Providing LPG is necessary but not sufficient. The government needs to adopt supplementary measures to incentivize higher utilization of LPG to succeed in its objective of providing clean fuel.
To comply with Sustainable Development Goal 7 (SDG 7), India needs to provide access to affordable, reliable, sustainable, and modern energy (both cooking and lighting) to all households by 2030. While in April 2018 India has achieved 100% village electrification, 99.99% households were also electrified (only 18,734 households are still to be get electricity connection) till March 2019. But, the scenario in the case of cooking fuel is not so satisfactory. Percentage of households using clean cooking fuel is an indicator of SDG 7 as decided by the Ministry of Statistics and Programme Implementation (MoSPI). As per SDG India dashboard, by the end of 2018, only 43% households had access to clean cooking fuel. According to 2011 census, only 11% rural households used LPG as primary cooking fuel. Thus, majority of the rural households use non-clean solid fuel (firewood, cow dung, and crop residue) as primary cooking fuel while most of them use traditional cookstoves for cooking. Most of these households are poor/BPL. Using solid fuel in traditional cookstoves has significant health and environmental hazards. It leads to indoor air pollution which is the second highest (after high blood pressure) killer in India. In 2010, indoor air pollution caused two premature deaths every minute and 1.2 lakh premature deaths in 2015. Only the use of clean cooking fuel can help the households (especially female members) to get rid of such health issues.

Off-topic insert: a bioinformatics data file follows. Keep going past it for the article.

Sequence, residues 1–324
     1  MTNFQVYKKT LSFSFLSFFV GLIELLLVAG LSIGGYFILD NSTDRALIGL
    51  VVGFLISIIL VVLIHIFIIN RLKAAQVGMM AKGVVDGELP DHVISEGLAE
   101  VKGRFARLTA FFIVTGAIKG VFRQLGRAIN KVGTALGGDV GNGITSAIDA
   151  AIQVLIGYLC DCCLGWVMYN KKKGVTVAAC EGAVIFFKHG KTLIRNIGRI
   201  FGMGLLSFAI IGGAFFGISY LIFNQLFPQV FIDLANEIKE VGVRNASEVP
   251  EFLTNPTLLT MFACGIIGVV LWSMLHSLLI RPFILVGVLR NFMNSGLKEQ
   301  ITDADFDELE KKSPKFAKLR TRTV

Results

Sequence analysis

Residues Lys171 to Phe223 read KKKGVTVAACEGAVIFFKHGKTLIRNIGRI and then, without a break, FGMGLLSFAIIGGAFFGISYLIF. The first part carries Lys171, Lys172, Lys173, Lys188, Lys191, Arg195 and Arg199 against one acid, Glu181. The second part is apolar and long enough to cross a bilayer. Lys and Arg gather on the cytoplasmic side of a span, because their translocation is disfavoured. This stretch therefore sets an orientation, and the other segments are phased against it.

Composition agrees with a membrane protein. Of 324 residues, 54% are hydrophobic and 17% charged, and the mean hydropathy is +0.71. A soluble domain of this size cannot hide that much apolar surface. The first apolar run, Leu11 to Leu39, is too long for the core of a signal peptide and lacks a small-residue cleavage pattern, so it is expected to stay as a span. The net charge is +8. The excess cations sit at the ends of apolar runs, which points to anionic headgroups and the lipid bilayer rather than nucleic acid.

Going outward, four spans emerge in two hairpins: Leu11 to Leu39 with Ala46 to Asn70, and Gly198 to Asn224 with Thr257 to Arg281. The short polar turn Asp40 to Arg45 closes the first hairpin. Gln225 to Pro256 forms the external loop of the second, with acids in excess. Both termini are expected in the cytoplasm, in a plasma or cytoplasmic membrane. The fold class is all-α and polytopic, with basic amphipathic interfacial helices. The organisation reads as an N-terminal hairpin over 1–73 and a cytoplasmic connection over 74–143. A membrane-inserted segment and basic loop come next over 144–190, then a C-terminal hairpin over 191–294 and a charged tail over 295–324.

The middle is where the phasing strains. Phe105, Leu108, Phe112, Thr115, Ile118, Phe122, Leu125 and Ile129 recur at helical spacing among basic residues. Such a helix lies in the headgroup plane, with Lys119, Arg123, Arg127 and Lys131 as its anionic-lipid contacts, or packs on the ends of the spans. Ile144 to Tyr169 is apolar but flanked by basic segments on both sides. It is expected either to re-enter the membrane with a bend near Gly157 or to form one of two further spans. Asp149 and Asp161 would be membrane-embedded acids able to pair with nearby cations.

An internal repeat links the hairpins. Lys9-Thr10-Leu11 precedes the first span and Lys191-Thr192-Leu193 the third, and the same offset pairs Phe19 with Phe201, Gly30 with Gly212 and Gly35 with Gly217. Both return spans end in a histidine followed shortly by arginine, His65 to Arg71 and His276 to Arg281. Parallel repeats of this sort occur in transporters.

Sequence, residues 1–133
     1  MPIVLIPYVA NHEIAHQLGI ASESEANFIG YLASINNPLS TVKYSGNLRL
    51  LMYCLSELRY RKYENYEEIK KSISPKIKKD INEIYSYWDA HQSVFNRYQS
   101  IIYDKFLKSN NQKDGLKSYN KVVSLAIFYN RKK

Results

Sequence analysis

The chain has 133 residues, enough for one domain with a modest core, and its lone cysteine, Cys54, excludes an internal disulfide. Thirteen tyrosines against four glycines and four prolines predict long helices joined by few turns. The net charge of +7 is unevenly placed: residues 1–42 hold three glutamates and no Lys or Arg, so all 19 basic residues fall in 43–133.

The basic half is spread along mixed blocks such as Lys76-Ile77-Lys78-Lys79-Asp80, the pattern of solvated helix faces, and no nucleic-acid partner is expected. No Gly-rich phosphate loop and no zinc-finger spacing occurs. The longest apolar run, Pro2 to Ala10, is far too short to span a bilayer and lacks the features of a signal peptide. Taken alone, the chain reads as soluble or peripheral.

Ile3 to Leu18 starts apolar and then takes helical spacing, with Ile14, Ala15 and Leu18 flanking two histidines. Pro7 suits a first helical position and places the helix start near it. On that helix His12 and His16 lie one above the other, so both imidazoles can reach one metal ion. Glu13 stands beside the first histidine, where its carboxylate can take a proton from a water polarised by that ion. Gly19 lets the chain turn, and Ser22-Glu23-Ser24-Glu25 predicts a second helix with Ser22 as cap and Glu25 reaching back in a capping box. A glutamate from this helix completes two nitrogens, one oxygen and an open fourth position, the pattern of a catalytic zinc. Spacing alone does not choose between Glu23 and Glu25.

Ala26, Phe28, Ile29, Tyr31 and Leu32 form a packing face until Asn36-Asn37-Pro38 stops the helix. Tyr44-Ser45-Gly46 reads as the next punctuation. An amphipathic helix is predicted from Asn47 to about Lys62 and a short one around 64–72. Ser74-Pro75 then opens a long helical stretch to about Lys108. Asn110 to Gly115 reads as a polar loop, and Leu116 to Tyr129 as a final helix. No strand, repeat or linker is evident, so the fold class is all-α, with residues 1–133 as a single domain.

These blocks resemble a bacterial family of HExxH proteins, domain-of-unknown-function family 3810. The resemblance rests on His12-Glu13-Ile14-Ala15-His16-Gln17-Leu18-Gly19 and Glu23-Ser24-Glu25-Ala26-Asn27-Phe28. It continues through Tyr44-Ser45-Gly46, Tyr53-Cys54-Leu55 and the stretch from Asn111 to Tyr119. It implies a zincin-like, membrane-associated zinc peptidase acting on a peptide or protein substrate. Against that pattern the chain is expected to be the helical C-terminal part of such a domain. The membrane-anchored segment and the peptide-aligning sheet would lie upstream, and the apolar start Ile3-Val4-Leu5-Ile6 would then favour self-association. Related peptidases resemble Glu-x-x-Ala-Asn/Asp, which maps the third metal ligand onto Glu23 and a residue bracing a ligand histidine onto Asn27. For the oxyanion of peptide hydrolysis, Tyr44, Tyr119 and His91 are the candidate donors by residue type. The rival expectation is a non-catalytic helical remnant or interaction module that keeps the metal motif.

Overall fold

In this background, Pradhan Mantri Ujjwala Yojana (PMUY) was introduced in May 2016 by the Government of India with a target of providing 5 crore LPG connections to BPL households by 2019. The initial target was revised later to provide 8 crore LPG connections by 2020. This scheme is supposed to create 1 lakh employments and business opportunities of 10,000 crore in the next three years other than empowerment of rural women and boosting of ‘Make in India’ campaign. Under PMUY, BPL households are eligible to get a free LPG connection in the name of any adult female household member but the beneficiaries have to arrange for subsequent refills. Bulk procurement and provision of reasonable government budget for PMUY reduced the cost of an LPG connection to ₹3,200 from ₹4,500– ₹5,000. Even half of this ₹3,200 has been considered as one-time grant from the government under PMUY. Moreover, the household could get a loan from the oil marketing companies, in case it is unable to afford the remaining ₹1,600 initial connection cost. Thus, a BPL household can access LPG connection even without paying a single rupee in the beginning. The repayment of the interest-free loan was deducted from the subsidy of consecutive refilled-cylinders. Here the challenge arises for the beneficiary households. While the initial cost of LPG connection is addressed in the scheme, they need to arrange refill of cylinders which cost around ₹712 (Delhi) for a 14.2-kg cylinder (within per household annual limit of 12 refills). Unless the household opts for voluntarily give-up of LPG subsidy, ₹215 are transferred to the subscriber’s bank account under the Direct Benefit Transfer (DBT) scheme. However, arranging ₹700+ for each refill is a real challenge for most of the BPL households and this leads to ‘stacking’ of cooking fuels and low utilization of LPG. The key reason for less refill or lower utilization is due to the affordability and availability of solid fuels compared to LPG. While the household has to pay significant amount for refilling a cylinder, the solid fuels they use is almost free (through collection from nearby forest areas or crop residue or cow-dung as byproduct of household activities).